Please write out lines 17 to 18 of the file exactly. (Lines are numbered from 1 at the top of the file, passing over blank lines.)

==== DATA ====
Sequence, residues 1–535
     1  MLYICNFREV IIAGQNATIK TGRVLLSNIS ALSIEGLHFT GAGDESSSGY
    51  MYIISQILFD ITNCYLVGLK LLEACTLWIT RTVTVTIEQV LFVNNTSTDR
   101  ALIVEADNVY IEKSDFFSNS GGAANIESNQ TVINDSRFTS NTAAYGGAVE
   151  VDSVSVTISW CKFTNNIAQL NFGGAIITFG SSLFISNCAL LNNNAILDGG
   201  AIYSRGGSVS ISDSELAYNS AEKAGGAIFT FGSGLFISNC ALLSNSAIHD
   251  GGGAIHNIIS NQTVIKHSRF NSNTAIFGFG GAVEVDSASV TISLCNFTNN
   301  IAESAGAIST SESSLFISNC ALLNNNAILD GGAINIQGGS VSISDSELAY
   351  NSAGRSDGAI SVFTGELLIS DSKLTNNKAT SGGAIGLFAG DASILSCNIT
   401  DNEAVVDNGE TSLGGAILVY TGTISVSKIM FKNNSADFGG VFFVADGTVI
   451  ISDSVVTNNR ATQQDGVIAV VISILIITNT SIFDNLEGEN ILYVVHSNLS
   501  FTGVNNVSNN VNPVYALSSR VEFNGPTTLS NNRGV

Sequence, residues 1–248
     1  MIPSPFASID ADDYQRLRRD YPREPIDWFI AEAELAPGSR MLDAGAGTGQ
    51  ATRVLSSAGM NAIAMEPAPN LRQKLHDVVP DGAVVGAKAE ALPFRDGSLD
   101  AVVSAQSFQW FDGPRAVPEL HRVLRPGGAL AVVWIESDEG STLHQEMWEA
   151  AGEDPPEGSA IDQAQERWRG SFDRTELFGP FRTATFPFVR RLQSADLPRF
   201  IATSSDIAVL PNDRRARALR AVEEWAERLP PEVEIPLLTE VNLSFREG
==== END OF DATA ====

   151  AGEDPPEGSA IDQAQERWRG SFDRTELFGP FRTATFPFVR RLQSADLPRF
   201  IATSSDIAVL PNDRRARALR AVEEWAERLP PEVEIPLLTE VNLSFREG